Kyle Busch outduels Joey Logano for Nationwide win in Dover

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‘Twas a tale of two races today at Dover International Speedway for the NASCAR Nationwide Series, with a pair of Sprint Cup veterans at the center of it all.

Pole sitter Joey Logano held the point for the first half of today’s 200-mile event. But on a round of yellow-flag stops just before halfway, Kyle Busch went to the front and held on to not only capture his fifth NNS victory of 2014, but a sweep of the NNS races this year at the “Monster Mile.”

Busch’s fifth career NNS win at Dover also helped him become the all-time leader in NNS triumphs at the track, too.

Meanwhile, Chase Elliott overcame damage from an early incident and rallied to finish third, pushing his NNS championship lead to 26 points over JR Motorsports teammate Regan Smith (finished eighth) with five races left.

Roush Fenway Racing’s Chris Buescher held steady for a fourth-place result, and Busch’s JGR teammate, Elliott Sadler, completed the Top 5. Kyle Larson, Brian Scott, Smith, Trevor Bayne, and Ty Dillon rounded out the Top 10.

The opening stint of the race featured two cautions for multi-car wrecks, but the second of those yellows looked to have a big impact.

On Lap 40, Tanner Berryhill and Kevin Swindell wrecked off of Turn 4 right in front of Elliott, who tagged the outside frontstretch wall and then got into the back of Swindell before driving away.

Under the caution, Elliott took right-side tires to take the lead off pit road but came back to have the damaged front end of his No. 9 JR Motorsports Chevrolet taped up.

Also occurring in that caution period was Larson leaving his pit box with a gas can and briefly dragging his gas man along for the ride. Said gas man was uninjured after tumbling to the ground, but Larson was hit with a pit road penalty.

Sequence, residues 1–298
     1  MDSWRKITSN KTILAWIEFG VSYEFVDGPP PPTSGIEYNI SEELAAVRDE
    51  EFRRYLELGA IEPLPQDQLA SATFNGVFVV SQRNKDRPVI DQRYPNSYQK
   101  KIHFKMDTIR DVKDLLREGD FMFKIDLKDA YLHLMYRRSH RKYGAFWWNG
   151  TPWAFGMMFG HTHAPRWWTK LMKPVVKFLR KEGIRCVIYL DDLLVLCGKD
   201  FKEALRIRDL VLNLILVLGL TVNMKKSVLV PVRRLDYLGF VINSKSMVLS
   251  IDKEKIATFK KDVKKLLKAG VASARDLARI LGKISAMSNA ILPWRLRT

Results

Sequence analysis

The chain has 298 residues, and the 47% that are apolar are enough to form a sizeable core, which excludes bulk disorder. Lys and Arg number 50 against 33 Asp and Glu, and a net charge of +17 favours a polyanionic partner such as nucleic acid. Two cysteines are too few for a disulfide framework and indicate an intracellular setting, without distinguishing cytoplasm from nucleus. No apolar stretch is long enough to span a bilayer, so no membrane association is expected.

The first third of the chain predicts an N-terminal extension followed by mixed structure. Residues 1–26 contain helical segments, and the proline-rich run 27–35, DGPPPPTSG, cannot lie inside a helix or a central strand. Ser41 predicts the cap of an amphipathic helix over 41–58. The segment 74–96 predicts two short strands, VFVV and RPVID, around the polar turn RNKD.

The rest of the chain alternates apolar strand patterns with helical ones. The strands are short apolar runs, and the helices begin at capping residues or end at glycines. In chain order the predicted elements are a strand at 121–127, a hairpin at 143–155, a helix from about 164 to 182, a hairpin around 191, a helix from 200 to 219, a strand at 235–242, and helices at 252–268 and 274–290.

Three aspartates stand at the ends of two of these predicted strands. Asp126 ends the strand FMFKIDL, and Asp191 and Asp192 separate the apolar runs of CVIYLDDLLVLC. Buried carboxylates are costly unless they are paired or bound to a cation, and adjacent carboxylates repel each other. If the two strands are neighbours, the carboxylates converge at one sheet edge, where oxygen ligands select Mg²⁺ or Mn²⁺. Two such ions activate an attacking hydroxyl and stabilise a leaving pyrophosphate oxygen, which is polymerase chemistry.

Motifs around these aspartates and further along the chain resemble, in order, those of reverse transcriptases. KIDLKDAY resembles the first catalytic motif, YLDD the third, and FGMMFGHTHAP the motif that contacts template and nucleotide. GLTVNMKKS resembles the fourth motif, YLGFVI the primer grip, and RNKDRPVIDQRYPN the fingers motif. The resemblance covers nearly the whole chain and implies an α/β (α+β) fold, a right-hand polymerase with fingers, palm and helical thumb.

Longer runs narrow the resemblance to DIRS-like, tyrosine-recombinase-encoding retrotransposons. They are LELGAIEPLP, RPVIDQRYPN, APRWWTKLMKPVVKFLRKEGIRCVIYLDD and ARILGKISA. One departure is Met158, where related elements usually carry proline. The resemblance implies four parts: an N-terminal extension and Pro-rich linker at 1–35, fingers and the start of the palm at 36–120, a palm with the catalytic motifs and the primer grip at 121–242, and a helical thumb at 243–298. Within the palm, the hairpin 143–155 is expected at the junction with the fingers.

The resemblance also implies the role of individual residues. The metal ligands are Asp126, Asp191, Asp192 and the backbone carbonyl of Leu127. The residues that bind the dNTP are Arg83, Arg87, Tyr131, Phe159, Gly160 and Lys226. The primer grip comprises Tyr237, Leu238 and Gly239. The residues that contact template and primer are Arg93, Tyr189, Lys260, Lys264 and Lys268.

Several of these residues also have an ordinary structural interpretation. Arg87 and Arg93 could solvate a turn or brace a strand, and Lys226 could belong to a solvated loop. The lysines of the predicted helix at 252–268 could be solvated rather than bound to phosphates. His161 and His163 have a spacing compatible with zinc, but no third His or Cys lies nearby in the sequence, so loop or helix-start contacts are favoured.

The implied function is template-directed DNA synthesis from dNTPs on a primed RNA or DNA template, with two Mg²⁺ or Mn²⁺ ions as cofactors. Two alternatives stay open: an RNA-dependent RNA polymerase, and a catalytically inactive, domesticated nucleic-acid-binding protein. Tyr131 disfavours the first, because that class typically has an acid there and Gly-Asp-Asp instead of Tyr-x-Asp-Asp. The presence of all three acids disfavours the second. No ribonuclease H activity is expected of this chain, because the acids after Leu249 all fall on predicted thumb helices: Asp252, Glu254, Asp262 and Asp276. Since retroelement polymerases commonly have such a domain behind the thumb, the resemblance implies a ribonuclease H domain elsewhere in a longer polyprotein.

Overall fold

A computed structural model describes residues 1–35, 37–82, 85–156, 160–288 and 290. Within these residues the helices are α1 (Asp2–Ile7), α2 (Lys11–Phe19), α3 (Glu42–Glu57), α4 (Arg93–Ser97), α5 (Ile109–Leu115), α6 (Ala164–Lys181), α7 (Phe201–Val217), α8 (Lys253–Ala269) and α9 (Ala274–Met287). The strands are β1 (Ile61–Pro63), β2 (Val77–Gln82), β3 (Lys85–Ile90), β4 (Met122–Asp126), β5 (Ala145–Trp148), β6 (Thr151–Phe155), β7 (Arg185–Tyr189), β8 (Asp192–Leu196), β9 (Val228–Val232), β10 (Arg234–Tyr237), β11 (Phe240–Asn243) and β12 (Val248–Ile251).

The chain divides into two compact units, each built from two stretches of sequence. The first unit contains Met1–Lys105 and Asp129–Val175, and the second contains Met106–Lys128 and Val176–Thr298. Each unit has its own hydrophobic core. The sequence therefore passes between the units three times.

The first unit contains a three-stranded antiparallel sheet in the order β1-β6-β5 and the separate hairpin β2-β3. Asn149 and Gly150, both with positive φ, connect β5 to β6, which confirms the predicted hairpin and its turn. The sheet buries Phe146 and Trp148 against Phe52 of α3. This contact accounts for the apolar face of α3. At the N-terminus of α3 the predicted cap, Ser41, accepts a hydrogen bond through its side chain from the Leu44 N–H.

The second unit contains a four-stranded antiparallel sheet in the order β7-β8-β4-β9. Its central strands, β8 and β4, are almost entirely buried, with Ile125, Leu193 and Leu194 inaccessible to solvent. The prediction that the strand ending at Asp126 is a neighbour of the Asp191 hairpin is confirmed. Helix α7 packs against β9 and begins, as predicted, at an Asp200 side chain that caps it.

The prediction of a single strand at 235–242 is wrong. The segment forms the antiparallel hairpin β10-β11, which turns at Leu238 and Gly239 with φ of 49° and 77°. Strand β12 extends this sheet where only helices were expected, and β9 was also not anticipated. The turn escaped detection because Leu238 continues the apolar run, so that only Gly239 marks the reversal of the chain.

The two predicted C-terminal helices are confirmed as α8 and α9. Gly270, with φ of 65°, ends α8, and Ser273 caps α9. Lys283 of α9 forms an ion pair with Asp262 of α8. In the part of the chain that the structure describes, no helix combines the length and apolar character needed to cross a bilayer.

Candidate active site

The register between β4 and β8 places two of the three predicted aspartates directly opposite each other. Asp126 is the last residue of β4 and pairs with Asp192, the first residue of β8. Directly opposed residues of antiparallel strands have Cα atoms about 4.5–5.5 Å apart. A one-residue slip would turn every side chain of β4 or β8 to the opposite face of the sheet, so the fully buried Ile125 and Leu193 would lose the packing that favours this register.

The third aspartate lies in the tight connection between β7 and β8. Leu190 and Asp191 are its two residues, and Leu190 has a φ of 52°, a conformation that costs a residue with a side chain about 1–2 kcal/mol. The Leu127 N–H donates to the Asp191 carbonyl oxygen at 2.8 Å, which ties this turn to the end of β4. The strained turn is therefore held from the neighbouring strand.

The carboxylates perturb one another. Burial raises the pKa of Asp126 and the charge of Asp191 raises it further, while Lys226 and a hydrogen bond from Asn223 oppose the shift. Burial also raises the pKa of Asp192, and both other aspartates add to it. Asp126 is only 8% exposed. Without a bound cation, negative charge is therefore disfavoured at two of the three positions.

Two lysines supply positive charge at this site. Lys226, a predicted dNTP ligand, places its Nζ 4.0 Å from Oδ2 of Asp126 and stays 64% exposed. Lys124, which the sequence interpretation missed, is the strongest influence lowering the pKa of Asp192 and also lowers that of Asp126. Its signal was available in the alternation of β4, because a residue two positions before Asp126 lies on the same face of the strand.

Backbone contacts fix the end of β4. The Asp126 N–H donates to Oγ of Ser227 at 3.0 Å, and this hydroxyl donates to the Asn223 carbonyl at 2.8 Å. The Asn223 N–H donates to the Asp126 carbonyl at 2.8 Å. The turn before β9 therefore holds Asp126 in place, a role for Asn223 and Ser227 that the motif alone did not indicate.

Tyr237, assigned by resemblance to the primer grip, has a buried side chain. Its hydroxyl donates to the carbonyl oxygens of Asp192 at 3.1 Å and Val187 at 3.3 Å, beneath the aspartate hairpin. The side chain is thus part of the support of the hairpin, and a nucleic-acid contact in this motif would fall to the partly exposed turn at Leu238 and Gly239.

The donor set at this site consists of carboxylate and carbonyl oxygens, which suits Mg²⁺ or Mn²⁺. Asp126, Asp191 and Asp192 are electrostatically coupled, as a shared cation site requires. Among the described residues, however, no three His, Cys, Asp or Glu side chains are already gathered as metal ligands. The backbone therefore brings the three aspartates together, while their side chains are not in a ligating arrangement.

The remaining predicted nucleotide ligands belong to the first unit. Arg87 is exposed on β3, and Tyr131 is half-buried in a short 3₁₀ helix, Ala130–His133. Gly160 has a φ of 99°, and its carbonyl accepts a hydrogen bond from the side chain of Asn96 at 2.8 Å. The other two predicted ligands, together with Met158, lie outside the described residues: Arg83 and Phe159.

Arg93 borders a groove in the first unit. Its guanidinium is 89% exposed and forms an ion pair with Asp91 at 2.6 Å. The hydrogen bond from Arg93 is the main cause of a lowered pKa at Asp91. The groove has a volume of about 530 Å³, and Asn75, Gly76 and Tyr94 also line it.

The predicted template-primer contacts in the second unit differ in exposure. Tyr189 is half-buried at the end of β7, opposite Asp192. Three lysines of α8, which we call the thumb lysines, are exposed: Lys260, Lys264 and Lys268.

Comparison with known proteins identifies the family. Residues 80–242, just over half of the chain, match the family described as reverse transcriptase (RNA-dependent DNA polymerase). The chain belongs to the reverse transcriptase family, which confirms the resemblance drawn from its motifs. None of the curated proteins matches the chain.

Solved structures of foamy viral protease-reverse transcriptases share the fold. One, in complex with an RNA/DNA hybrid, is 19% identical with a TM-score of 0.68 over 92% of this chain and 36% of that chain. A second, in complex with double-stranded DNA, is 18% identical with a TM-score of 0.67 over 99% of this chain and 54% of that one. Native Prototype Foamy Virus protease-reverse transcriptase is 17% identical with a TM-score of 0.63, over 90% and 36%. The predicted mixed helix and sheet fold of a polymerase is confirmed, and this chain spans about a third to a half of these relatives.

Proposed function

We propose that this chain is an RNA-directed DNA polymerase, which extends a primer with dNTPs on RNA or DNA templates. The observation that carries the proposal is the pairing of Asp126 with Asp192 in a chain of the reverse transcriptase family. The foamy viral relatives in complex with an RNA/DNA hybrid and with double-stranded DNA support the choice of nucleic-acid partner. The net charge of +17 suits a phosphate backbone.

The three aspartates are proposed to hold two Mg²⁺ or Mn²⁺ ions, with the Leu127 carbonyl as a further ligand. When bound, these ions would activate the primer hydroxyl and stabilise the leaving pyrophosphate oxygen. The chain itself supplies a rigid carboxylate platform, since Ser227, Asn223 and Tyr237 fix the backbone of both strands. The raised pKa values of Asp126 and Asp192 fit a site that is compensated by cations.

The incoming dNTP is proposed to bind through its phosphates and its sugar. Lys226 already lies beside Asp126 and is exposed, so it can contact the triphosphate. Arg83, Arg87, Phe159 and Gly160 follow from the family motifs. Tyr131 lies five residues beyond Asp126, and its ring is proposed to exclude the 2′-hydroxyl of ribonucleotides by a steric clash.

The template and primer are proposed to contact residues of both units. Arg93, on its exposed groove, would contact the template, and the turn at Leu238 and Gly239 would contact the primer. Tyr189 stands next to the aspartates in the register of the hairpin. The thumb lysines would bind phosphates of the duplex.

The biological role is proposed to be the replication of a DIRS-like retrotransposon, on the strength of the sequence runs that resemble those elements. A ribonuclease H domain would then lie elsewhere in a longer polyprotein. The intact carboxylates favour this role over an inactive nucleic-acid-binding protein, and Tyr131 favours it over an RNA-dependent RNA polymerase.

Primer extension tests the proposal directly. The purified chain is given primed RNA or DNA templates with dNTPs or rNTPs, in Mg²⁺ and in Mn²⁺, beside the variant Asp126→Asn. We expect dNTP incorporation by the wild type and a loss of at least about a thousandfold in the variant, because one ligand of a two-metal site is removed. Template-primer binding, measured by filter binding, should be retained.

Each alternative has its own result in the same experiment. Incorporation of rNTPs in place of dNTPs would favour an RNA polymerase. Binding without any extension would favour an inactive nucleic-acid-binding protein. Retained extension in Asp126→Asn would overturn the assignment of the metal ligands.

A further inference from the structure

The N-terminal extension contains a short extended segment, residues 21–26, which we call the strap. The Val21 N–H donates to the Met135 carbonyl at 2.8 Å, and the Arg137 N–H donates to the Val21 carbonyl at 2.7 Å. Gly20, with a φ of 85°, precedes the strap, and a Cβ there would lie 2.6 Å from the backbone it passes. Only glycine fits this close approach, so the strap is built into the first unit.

Both Larson and Elliott took the Lap 47 restart outside the Top 20. Immediately, the two young phenoms charged toward the lead pack but while Larson’s run stalled around 11th place, Elliott kept going into the Top 5 by Lap 90.

“I was gonna give it my best shot, regardless of however the thing looked like,” Elliott said about driving back to the front. “I’m really, really proud and frustrated at the same time. I felt like we had a good car from the get-go and I made a mistake just following too close behind those guys off [Turn] 4.

“I saw it coming and I couldn’t get stopped fast enough…I got on the brakes and I couldn’t get it whoa’ed down. Just a big thanks to [crew chief] Greg [Ives] and all these guys for not giving up on me and getting this thing patched up the correct way where nothing else was gonna tear up and the body would fall apart.”

Logano stretched his lead, eventually pushing it past the five-second mark before a caution came out at Lap 97 for possible fluid on the track. That led to the second stop for the leaders and the critical lead change, as Busch’s crew was able to get their man out of the pits ahead of Logano.

At this point, it was Busch’s turn to dominate proceedings but a debris yellow with 53 laps left erased his advantage of several seconds. However, in the subsequent round of stops for the leaders under caution, Busch was able to maintain his spot at the front of the field over Logano, Elliott, Buescher, and Scott.

Logano tried to hang with Busch on the restart with 47 laps left, but Busch staved off the attack and then expanded his lead again. He ultimately took the checkered flag by a margin of 2.545 seconds.